Now the tricky part. In order to have your own login page we have to combine the force of Forms Authentication along with Windows Identity Foundation and its WSFederatedAuthenticationModule. If you happen to use an ASP.NET MVC application, then it is fairly easy and much discussed. I suggest that you go through Dominic Bayer’s blog post on that subject (and the details). Note that now we will not mix Forms and Claims authentication. We will use claims, but will have the Forms Authentication to help us with that task.

Let’s go through the changes needed in Web.config file. First we set the passiveRedirectEnabled attribute for wsFederation to false:

Then we change the Authentication from None for Forms:

And now add some special Locations to allow all users: Styles, Login.aspx and authenticate.aspx. We need to do that to prevent the Forms Authentication to redirect requests for these URLs. Styles, of course need to be accessed for all users. Login.aspx is our custom login page, and authenticate.aspx is a custom authentication page which we will use as Return URL for our ACS configured relying party application:


Here is the code for authenticate.aspx.cs:

We check whether the request contains SignInResponseMessage which would come from ACS. If so, then everything is fine and we must instruct the FormsAuthentication that the user is logged in via the FormsAuthentication.SetAuthCookie(). If not – redirect the user to the Login page.

Finally we will create our custom login page. Just add it as a web form using Master Page. Select the Site.Master (which inherits from BaseMaster). The simplest way of showing Identity Providers I can think of is the Repeater Control:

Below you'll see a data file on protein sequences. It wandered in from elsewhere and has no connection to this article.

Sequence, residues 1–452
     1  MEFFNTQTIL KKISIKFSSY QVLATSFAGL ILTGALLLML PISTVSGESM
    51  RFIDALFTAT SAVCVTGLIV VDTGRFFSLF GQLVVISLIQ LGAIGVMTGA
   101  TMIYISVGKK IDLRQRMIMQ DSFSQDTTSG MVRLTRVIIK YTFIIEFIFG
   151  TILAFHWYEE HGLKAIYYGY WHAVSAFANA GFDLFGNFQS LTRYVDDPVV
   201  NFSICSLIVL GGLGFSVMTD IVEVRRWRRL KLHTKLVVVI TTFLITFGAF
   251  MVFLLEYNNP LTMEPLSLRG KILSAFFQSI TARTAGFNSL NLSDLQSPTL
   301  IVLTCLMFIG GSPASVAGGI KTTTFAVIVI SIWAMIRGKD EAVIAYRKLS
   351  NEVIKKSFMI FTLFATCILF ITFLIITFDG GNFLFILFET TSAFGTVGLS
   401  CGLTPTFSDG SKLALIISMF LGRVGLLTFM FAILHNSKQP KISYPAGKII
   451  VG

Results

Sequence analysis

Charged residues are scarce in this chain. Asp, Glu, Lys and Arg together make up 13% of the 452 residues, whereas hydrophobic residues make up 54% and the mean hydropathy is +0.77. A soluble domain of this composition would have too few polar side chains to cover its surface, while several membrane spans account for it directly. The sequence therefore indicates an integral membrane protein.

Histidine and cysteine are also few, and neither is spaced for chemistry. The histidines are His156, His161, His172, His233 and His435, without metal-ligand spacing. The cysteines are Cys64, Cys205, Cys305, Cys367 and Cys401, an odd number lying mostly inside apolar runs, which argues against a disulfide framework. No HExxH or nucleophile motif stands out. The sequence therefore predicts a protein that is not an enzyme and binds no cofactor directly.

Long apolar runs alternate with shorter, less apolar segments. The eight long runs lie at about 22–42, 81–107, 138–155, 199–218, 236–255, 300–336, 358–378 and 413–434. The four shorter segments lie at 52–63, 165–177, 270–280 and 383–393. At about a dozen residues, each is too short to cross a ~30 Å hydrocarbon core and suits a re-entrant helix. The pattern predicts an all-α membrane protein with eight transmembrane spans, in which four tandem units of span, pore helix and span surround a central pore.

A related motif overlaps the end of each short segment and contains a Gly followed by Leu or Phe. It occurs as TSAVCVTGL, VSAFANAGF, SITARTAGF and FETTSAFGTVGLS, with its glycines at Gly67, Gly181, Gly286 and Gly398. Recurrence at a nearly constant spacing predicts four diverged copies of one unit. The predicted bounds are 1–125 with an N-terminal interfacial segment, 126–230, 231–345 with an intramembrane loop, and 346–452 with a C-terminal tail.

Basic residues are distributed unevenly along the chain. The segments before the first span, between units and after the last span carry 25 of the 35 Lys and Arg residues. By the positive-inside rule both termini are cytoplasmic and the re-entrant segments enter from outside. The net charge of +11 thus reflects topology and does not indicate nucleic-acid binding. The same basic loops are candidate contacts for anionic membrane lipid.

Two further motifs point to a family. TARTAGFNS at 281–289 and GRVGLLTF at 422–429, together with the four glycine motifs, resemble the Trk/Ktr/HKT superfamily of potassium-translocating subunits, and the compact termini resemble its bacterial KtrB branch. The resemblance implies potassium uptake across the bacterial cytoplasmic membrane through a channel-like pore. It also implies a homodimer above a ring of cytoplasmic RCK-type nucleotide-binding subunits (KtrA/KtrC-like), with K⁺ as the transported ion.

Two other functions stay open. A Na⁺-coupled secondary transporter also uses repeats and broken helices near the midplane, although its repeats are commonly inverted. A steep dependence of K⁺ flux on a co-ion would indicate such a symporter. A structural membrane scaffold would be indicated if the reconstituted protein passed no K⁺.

I bind it to the list of identity providers which I got from the BaseMaster:

Let me visually summarize the process and why it works:


If a user requests protected content, the FormsAuthenticationModule kicks and redirects the user to our Login.aspx page. There we show a list of identity providers where one can authenticate. When the user authenticates successfully with the chosen IdP, a token is sent back to the Access Control Service. The ACS processes that token with the configured rules and relying party. If everything passes fine without errors, the ACS sends a new token to the relying party’s Return URL property. In our case this is http://localhost:2700/authenticate.aspx. Since we added this URI as a special location in web.confing, no FormsAuth redirects kicks here. The WsFederationAuthenticationModule intercepts the incoming token and creates the ClaimsIdentity based on that token. It also creates the FederatedAuthentication cookie, which will be used in the subsequent requests to build up the ClaimsIdentity again. Now is the moment to also instruct the FormsAuthenticationModule that the user is already authenticated, so that it doesn’t redirect to Login.aspx.

 I hope you liked it and discovered that it is easier then you thought!